Supplies of imported ginger from Brazil continue to grow.
“The situation this year for Brazilian ginger is good. We have our own farms over there and we’ve increased our production. Overall, the production increased from last year to this year by 15-20 percent,” says Frederico Stuhr of Pommer Fresh Foods in Fort Lauderdale, Fl.
Brazilian ginger, which runs between April to December, has grown in popularity due to an increased demand for it. “More and more people are asking to buy ginger from Brazilian growers so they’ve increased their production,” says Stuhr, who adds that ginger from Brazil resembles Hawaiian ginger in that it’s shiny, has fibres inside (unlike the Chinese ginger) and generally comes in big “hands.”
Maintaining quality standards
That said, increased production means more challenges along the way. “The main challenge is keeping up the quality control. We do a lot of volume but it can be challenging to keep the quality standard up,” says Pommer’s Apanatche Bark. “But because we have full control of our products and our own farms, it’s easier for us to manage.”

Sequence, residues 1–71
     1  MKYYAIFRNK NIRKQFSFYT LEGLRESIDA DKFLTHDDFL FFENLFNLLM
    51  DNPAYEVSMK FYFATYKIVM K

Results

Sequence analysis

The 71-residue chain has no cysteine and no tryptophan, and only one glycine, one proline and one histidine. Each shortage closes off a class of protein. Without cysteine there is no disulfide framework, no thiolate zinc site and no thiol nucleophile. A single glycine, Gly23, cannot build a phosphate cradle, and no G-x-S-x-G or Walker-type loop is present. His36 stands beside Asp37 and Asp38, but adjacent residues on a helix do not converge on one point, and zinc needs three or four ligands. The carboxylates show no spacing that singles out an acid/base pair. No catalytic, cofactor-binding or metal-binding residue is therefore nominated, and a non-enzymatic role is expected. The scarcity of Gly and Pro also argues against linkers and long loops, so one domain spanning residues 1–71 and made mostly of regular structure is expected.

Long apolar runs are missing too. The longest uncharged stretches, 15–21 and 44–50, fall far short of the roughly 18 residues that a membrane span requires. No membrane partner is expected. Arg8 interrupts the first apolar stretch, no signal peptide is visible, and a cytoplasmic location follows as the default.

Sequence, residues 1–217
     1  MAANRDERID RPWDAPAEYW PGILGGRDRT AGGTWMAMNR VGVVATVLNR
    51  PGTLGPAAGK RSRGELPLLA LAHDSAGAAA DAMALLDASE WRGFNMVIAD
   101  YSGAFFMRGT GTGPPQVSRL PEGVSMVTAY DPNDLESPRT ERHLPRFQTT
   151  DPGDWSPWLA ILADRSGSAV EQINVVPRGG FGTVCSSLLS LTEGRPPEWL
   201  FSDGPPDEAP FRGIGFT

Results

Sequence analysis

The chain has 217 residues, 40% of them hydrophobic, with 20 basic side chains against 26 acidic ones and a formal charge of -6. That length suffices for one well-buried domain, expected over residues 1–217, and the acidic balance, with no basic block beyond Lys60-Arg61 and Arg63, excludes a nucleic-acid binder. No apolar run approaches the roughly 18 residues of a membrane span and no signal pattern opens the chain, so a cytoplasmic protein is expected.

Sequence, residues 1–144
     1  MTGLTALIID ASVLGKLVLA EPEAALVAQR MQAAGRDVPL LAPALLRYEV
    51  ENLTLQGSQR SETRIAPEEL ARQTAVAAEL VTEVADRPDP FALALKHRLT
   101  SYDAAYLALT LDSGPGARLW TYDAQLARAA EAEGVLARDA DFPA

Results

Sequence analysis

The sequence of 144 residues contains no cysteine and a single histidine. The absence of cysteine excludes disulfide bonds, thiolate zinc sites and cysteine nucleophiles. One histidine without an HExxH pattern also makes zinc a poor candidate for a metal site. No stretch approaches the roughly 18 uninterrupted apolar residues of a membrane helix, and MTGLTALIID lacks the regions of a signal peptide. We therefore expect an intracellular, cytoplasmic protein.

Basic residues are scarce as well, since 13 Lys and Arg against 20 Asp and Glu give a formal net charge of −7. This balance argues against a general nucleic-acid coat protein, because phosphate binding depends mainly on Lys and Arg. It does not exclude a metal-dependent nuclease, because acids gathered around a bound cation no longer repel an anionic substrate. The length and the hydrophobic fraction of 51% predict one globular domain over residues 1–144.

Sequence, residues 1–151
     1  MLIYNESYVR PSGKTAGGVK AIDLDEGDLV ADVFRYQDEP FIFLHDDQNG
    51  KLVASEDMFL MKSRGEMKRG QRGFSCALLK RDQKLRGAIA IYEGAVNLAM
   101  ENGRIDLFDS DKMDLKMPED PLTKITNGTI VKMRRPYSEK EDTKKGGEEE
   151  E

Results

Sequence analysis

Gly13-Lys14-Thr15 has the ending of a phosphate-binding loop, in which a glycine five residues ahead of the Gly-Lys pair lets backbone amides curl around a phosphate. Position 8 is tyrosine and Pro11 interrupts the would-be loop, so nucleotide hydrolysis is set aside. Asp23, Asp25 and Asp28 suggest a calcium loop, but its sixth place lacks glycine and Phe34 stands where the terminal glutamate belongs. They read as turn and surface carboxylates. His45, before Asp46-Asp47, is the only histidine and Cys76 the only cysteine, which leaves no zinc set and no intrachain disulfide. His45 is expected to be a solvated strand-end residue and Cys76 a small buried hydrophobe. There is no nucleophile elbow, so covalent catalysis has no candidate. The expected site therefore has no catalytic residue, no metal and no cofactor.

Increasing interest in Brazilian ginger also brings on another newer hurdle. “Another concern every year is new companies show up in the fields and start buying ginger—they have no certifications or anything like that,” says Stuhr. “These people are messing up the market every year. Last year, we were selling for between $20-$25 and there were people selling for $15-$16. Some of the growers were hurt too because they didn’t receive anything.”
That said, this year’s pricing does seem to match last year’s prices. “We’re expecting the same this season because with increased supply, we believe more people are consuming ginger,” says Stuhr. “There are more retailers buying it and manufacturers of food and drinks are also using ginger more.”